The PC Part of Me:
So, OK, I get the joke here. These dudes want to be terrifying soldiers of jihad, but they're actually bumbling idiots. Well, some are brighter than others, but not one of them has a consistent ideology or a meaningful grievance.
The Very-Far-From-PC Part:
That sounds about right. This is like Dude, Where's My Jihad?
When Omar asks Waj to imagine paradise, the best comparison he can come up with is a ride at the fun fair.
My question is, who's going to benefit from this satire? Doesn't it just allow non-Muslims to feel superior to these characters? Furthermore, how do moderate Muslims react to this film? Do they feel like they're being mocked by association with these loutish wannabe terrorists? That doesn't exactly encourage cross-cultural understanding.
Does every Christian feel personally attacked by Red State
, Kevin Smith's extremely broad satire of the Westboro Baptist Church?
I suppose not. But Smith isn't an outsider to that culture in quite the same sense that Morris is to this one. Maybe a satire of radical Islam has to come from within the Muslim world to make an impact.
I have a bunch of counter-arguments. First, Morris did his research, rather than just slapping a bunch of stereotypes up on screen. (More on that, and a critique of the film, here.
) Second, he went out of his way to distinguish these characters from peaceful Muslims, even fundamentalist ones. Remember the scene where Omar's brother, who is not
a terrorist, berates him for not being a devout Muslim? Third, for what it's worth, the most virulent extremist of the bunch, Barry, is a Muslim convert who appears to have zero Middle Eastern or South Asian heritage. The message is clear: Violence isn't tied to any particular religion or ethnicity. Both those things can be pretexts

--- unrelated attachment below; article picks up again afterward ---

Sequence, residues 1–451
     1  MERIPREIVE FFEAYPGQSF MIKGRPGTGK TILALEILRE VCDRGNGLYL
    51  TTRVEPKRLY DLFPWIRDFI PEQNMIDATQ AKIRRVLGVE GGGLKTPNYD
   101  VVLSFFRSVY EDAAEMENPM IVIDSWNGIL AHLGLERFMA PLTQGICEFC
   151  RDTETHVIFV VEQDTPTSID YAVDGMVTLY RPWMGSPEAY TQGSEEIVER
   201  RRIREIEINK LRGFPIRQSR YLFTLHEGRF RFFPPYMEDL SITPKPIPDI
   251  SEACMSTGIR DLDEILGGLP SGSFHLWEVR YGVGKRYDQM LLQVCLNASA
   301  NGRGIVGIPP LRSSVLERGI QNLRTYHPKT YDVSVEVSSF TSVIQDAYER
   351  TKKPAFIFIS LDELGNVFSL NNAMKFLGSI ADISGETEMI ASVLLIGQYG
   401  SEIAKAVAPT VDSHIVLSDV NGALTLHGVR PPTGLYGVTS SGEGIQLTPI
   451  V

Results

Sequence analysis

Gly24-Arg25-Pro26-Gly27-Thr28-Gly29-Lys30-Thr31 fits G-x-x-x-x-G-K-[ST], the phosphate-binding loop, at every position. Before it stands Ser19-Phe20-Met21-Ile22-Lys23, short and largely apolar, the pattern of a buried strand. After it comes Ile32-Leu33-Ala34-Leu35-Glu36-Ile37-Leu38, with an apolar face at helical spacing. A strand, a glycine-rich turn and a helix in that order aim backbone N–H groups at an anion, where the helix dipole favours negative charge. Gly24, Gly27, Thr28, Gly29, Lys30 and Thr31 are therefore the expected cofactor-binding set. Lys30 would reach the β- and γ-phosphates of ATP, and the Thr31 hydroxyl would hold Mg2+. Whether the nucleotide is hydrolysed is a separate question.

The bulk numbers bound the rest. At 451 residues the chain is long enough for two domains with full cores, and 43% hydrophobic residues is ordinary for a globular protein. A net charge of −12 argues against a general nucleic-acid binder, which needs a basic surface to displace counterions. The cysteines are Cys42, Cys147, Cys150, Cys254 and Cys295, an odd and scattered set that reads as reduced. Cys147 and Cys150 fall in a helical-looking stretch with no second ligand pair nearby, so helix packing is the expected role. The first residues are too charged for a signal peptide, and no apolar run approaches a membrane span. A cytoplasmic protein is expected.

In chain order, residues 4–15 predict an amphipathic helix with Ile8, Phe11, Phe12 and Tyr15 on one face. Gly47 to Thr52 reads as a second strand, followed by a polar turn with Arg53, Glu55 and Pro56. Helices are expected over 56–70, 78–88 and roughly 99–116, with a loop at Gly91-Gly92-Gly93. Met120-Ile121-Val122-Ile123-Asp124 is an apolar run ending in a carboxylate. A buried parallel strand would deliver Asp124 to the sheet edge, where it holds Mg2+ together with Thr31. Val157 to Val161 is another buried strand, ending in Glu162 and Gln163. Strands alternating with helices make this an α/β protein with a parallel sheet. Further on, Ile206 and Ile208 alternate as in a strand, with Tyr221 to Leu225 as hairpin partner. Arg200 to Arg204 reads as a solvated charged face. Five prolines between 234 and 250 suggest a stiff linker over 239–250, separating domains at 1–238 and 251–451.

A lot could go wrong. A lot.
OK, but why are
these characters violent, then? They aren't depicted as horrifically poor or oppressed, or really as having any particular motive to start talking about blowing things up. Should terrorism be presented without context, as something that just happens
? Doesn't that ignore the real reasons people might have for taking up this cause?
It certainly doesn't cover all the possible reasons. But consider American school shooters — typically relatively privileged young males who, for whatever reason, decide to embrace violence as a solution to their problems. Now consider that Four Lions
isn't about Pakistan; it's about home-grown terrorism in the UK. As depicted here, the motives — or lack of real motives — seem pretty similar.
But is that accurate
? Or is Morris just struggling to explain stuff he doesn't understand in terms he does understand and can satirize? And if he's wrong about the motives behind home-grown terrorism, what good is that satire? Maybe he's just preaching to the converted.
Maybe. But the film does demystify and deglamorize terrorists by depicting them as having dumb, base human motivations that we can all relate to. When Omar wants to explain to his son why he's planning to martyr himself, he uses The Lion King
as an allegory even as he rewrites the story to fit his own ends — and he somehow ends up convincing himself
that backing out would be cowardly. We tend to assume that martyrdom is selfless; this movie paints it as a selfish act and sometimes as a tragic act, in that people can be forced into it by peer pressure or the need to live up to expectations. I felt sad a lot toward the end of the film, and not just for the characters who were innocents.